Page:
Disclamor (American Poets Continuum Series,) Disclamor by G.C. Waldrep

My rating: 4 of 5 stars
So Disclamor is a weird book, and I have to say my least favorite of Waldrep’s three full-length works, but let me also say that it is the book one who has yet to come to Waldrep should read first. I’ll caveat, too, that I’ve read Waldrep’s oeuvre out of order—this is his sophomore collection, but the final one for me to read. It exhibits many qualities we associate with second collections: there is an anxiety over a more thematically bound project; there is a searching quality, an attempt at different styles; there seems to be a kind of haste—it’s oddly ill revised, in my opinion, and so forth. The collection is also more characteristically BOA—it has a more narrative bent, its speaker is more subdued, spiritual, etc, which are qualities I associate with BOA titles. I mention all of these things not as general assertions of right or wrong, but more that I find them at odds with the poet I’ve come to know as G.C. Waldrep, who has an unforgiving intelligence and writes crisp, challenging poems that, in their confidence, inspire one to be a better reader, rather than demand a better poem, and then provide the subsequent rewards.

As I write that, I’ve actually got three other reviews of this collection in my head, so you should go to those as well. I mention this in particular because I think Al Maginnes in his Gently Read review really describes exactly how I feel about Waldrep, so let me quote him to segue into the heart of this is review:

Someone coming to Waldrep’s poetry aware of his back story—a PhD in history, the author of the study Southern Workers and the Search for Community, an adult convert to the Amish faith—might be forgiven for expecting a quieter, more narrative poetry. The poems in Disclamor as in Goldbeater’s Skin, Waldrep’s first collection, are edgy, angular, possessed of an itchy energy but tempered by a long view of the human enterprise that rescues them from joining much of the talky, hyperkinetic poetry that has been the vogue in American poetry for the last half dozen or so years.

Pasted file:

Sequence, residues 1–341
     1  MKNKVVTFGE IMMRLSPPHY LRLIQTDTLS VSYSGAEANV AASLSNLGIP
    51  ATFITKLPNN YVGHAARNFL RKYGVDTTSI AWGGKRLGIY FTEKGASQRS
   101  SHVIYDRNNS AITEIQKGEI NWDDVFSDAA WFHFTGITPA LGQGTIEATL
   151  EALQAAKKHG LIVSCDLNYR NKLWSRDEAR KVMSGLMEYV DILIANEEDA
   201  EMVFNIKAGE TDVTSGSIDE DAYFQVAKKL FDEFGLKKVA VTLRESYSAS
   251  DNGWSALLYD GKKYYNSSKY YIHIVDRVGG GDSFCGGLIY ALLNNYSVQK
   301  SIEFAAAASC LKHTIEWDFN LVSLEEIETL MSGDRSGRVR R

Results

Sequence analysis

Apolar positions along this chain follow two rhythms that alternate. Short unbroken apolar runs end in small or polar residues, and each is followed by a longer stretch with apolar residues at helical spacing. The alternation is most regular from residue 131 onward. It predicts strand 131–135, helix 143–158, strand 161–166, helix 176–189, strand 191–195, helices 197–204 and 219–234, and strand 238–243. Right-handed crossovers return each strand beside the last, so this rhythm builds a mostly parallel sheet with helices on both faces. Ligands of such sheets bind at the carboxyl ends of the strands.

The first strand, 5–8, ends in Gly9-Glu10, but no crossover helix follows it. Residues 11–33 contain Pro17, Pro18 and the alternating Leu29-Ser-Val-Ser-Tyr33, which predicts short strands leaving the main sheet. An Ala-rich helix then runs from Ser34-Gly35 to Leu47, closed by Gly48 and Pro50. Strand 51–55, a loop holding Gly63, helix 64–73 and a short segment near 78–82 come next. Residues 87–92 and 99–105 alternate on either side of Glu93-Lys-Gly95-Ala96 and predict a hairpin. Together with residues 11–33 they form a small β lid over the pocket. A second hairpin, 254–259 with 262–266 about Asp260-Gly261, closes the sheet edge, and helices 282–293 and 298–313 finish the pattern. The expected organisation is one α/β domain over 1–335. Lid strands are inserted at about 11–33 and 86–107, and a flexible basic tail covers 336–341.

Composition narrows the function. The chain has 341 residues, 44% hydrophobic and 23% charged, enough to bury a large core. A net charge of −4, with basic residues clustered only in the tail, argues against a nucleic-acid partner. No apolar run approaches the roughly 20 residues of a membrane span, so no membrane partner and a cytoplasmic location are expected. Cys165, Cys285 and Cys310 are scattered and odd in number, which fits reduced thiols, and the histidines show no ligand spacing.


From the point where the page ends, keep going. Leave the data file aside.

It’s this “long view of the human enterprise” supporting the “edgy, angular” quality of language that makes Waldrep, for me, one of our finest poets. I so often feel that humanity and artful play come at the cost of each other, even if it might not seem so as they are abstracted the way I have just done. The result in poetry-land is a constant battle of taste—the accessible is boring, the experimental coldly pretentious. I find myself so often defending work that challenges, that requires a dictionary and minutes (god forbid) of focus on three words strung together, that I often forget the joy with work whose values are in character, verities to human rather than philosophical dramas. Waldrep tends to satisfy both, and never are both more present than in this collection.

The problem is, both are rarely present at the same time, and that’s what makes this collection so problematic to me. It’s less refined. It’s individual stabs, countermeasures, over-compensations, so the landscape of the collection as a whole is uneven in a displeasing way. To make a simple and perhaps ill-fit metaphor: I have this pair of headphones that have just started shorting out. Of course, it’s not that they’ve gone dead, but rather, as I move down the street, I get the left ear, then the right, and it’s piano, a snippet of a phrase, cymbals, etc, flashing quickly on either side of my head. I don’t know how to explain this, but if such a piece of music were recorded and meant, I could find the pleasure in it—but knowing that this more cohesive thing is under there somewhere makes the fragmentation of it extremely frustrating. I know what many artists would argue to this, that accidents can be happy, that technical difficulties can inspire, but I don’t think the value of that is a hard rule anymore than it isn’t.

But I’m off topic—my point is, the unevenness of this collection feels more like a technical difficulty than a conscious rendering from source human experience. And I’ll agree with Cameron Conaway that the Batteries cycle (see the other reviews for more on this) exhibit it in a central kind of way and are, in fact, my least favorite poems of this collection, despite their being the collection’s raison d’etre. Here is the first section and a half from “Battery O’Rorke:”


What is written here fades quickly.
           Faces drawn in chalk,
                                                  the idea
           of defense, of a beach
                                 ripe for landing.

West, east, the longitudes of war.
            This is no place for monuments. 


If I had ever doubted
             then  hid  for  cry ,  gill  for  gull 
                                 and the incision
                   a careless thing,
                                         stain of interval